Source: Rightmove, NatWest, The Telegraph

covid before after

What about commercial property?

Covid did not only have an effect on the residential property market. Commercial priorities were also completely turned on their heads. Businesses, especially the retail kind, were forced to shut down for several months. Unfortunately, many of them never truly recovered.

Our high streets are challenged and filled with empty stores and boarded up windows. Even as the world opened up again, demand for certain commercial space struggled to bounce back. Many offices remain unfilled as workers hold onto their flexible preferences. Meanwhile, retail outlets struggle to lure shoppers away from the digital world.

Having said that, commercial property in other sectors appear to be bouncing back in a post-covid landscape. Industrial property, data centres and logistic hubs are expected to do well as expansion plans come to fruition.

For commercial property investors, the effect of Covid has allowed new strategies to come to light. Conversions may provide plenty to offer investors. Whether they plan to convert empty offices into data centres or residential flats. They’ll want to act quickly though as the wider market is waking up to this new potential. In recent months, applications for new commercial-to-residential permitted developments rose by 41%, according to the latest Government figures.

Source: Landlord Zone, Landlord Zone, RICS, Carter Jonas, Planning Resource

The effect of Covid on property finance

The UK, along with much of the world, is still dealing with the effect of Covid on the property market and wider economy. Over the last couple of years, various support packages were introduced to help the economy. Now we’ve put the worst of it behind us. And the state is starting to think about how we’re going to cover these costs.

Add in the cost-of-living crisis, along with the war in Ukraine, and the situation looks particularly dire. Inflation shows few signs of slowing down. To counteract this, the Bank of England has started to raise interest rates. This will raise costs for businesses and investors alike. Consequently, we’ve already seen high street lenders react. In recent weeks, banks have been pulling their mortgage deals from the shelves. In September alone, the number of available mortgage products on the market dropped by 517 to 3,890 in total. This was the lowest level seen since April 2021.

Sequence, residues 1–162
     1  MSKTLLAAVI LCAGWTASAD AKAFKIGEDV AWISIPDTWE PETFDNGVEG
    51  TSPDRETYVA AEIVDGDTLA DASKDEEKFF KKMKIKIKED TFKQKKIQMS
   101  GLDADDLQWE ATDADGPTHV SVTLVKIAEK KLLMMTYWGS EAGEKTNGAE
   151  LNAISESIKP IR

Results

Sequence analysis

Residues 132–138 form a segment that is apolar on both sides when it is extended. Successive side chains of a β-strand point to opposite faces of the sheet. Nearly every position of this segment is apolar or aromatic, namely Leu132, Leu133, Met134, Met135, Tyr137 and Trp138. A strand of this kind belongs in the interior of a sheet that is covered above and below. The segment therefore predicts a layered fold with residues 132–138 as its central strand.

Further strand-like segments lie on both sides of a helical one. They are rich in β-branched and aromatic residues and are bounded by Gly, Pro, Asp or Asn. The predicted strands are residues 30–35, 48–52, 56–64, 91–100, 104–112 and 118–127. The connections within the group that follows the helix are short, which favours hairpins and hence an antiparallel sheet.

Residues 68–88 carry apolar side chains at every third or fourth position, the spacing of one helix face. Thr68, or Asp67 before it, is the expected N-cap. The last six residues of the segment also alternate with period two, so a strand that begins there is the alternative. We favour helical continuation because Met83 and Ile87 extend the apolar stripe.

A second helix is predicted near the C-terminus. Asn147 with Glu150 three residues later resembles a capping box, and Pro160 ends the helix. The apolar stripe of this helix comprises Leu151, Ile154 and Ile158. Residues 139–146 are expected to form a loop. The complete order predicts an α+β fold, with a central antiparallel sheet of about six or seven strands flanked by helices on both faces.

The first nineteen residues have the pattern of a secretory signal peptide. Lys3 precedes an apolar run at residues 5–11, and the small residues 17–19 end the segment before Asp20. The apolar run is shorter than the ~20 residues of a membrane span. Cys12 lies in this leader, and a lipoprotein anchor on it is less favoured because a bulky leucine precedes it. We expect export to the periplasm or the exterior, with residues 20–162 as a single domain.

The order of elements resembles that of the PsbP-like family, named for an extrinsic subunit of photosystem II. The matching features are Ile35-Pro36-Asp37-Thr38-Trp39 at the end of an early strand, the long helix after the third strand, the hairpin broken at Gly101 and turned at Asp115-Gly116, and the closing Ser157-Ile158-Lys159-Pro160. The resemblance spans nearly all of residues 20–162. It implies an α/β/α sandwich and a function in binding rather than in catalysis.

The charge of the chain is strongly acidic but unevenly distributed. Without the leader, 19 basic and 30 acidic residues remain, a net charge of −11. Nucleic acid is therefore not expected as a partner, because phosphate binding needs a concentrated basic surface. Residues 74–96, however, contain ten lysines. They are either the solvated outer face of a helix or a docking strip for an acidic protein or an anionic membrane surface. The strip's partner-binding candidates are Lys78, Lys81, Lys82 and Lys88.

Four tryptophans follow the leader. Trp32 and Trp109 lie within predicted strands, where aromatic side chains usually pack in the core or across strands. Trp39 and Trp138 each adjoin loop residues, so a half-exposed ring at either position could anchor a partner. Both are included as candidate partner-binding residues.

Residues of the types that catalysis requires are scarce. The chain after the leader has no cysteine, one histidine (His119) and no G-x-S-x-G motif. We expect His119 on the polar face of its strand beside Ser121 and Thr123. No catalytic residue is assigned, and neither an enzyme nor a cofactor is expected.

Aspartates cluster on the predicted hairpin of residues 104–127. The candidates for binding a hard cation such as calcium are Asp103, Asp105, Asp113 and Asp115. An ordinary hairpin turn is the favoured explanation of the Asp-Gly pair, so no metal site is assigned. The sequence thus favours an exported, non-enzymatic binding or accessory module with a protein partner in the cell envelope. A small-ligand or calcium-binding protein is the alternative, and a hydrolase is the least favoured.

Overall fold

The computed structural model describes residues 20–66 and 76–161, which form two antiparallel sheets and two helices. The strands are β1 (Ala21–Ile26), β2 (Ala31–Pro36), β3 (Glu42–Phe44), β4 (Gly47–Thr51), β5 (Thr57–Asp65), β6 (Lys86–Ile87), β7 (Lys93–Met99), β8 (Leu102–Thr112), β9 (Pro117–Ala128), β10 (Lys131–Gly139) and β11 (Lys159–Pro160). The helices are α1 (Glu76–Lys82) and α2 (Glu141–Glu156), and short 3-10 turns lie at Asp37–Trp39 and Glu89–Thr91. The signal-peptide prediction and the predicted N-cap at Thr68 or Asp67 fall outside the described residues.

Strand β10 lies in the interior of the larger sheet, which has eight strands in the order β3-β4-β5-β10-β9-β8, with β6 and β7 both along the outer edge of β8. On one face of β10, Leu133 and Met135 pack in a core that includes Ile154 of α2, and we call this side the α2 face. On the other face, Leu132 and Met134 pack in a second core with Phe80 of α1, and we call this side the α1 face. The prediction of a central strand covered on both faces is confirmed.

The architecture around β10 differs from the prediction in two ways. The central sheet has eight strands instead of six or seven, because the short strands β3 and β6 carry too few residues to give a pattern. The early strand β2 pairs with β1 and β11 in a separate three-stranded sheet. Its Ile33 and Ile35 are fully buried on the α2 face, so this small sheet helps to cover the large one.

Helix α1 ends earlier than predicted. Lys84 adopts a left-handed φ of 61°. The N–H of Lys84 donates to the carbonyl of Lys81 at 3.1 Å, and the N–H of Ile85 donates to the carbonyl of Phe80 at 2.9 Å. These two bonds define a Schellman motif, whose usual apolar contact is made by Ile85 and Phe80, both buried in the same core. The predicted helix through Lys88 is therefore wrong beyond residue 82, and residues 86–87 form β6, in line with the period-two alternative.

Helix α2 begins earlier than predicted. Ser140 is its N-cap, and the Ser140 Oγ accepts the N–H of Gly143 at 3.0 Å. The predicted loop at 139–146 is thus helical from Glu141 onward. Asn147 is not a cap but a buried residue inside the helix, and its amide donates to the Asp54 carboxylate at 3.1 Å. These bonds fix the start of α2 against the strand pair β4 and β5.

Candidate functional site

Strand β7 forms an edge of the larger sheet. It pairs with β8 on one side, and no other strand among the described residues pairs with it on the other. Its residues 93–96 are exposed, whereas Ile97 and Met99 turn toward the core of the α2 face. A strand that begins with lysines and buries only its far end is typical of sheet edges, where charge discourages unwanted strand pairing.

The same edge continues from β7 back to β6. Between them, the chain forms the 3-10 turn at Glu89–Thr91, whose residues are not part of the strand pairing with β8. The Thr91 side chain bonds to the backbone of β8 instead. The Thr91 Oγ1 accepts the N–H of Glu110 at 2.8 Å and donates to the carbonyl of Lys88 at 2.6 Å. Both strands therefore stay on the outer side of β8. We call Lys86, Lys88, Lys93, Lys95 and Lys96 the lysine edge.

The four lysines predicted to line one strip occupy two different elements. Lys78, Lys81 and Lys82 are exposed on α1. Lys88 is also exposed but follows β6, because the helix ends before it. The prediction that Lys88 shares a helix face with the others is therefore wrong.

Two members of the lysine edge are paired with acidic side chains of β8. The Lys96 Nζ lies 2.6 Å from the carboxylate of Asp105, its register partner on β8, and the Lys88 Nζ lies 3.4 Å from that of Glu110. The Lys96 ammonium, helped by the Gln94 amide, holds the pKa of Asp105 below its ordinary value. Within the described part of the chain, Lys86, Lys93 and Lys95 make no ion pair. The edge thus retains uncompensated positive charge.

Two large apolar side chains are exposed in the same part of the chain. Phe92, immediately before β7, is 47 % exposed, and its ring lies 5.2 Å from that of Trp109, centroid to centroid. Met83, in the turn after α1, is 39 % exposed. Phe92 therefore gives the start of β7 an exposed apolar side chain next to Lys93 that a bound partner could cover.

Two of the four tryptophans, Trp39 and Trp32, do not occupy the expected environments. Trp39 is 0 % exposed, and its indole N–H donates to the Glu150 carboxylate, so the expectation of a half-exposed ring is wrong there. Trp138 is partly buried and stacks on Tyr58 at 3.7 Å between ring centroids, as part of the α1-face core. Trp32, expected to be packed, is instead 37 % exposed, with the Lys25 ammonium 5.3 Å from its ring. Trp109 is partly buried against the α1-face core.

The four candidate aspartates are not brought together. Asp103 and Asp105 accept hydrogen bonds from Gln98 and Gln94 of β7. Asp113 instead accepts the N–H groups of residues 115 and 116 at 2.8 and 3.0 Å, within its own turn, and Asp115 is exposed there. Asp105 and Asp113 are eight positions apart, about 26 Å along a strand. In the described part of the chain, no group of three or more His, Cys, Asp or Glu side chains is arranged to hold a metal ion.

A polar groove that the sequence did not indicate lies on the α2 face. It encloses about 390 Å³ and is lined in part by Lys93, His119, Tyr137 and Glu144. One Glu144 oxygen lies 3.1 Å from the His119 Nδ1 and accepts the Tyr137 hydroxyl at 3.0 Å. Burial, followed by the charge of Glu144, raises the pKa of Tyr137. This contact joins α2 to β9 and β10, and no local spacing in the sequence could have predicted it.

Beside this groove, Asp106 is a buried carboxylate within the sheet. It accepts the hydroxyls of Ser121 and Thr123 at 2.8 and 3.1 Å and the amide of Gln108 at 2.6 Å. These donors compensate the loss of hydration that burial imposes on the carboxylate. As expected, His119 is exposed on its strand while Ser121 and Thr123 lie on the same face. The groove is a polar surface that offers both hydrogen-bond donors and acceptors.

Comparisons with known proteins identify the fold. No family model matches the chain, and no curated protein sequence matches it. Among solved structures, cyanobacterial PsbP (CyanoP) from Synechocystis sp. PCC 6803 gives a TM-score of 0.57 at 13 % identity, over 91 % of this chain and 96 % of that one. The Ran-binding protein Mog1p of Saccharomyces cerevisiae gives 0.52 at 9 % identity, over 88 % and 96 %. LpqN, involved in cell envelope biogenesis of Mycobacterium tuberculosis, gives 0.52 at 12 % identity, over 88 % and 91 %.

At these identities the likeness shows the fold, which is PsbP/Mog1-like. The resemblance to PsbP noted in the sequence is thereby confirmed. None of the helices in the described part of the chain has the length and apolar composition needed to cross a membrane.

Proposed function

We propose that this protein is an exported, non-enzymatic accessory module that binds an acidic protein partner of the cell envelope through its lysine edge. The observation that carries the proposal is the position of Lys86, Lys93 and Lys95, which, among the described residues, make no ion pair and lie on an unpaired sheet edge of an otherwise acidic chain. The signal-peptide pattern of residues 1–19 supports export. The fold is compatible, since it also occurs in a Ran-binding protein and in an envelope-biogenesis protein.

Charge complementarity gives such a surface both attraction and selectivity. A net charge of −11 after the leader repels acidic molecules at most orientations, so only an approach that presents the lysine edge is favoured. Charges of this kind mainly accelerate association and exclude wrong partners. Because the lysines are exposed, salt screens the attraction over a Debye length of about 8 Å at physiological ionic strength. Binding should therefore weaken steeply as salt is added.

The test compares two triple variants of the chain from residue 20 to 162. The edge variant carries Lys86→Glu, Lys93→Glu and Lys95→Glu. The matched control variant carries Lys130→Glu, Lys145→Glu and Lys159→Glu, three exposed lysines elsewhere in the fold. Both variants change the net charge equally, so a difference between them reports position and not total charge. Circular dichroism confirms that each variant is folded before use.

Source: The Telegraph, Mortgage Solutions

Development of property prices

Yet, despite these pressures, demand in the market remains unprecedented. Property prices rose to a sixth consecutive high in July according to Rightmove, with the average price sitting at £369,968. Additionally, the market is still grappling with a crippling lack of supply, which is hitting renters particularly hard.

Our current shortage pushed rental growth to 12.3% over the last 12 months or so. Buyer demand is still outpacing supply too, pushing prices even higher last month. All of this reiterates the need for specialist finance. As high street lenders become increasingly inaccessible, and buyers chase dwindling supplies, the need for flexible finance becomes paramount. Even with the effect of Covid on the property market, we can have funding issued in as little as three days. Skyrocketing inflation and base rate hikes will not stop us from helping you with your investment plans.

Source: Property Reporter, Property Reporter, i news

Disclaimer

MFS are a bridging loan and buy-to-let mortgage provider, not financial advisors. Therefore, Investors are encouraged to seek professional advice.